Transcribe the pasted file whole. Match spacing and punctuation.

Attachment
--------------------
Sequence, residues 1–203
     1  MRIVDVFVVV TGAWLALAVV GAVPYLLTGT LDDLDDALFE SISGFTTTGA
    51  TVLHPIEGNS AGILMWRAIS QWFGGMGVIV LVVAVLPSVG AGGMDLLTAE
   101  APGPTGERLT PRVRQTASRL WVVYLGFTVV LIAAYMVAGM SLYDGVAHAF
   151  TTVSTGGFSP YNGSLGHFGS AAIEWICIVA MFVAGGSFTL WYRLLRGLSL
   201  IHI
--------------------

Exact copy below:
Sequence, residues 1–203
     1  MRIVDVFVVV TGAWLALAVV GAVPYLLTGT LDDLDDALFE SISGFTTTGA
    51  TVLHPIEGNS AGILMWRAIS QWFGGMGVIV LVVAVLPSVG AGGMDLLTAE
   101  APGPTGERLT PRVRQTASRL WVVYLGFTVV LIAAYMVAGM SLYDGVAHAF
   151  TTVSTGGFSP YNGSLGHFGS AAIEWICIVA MFVAGGSFTL WYRLLRGLSL
   201  IHI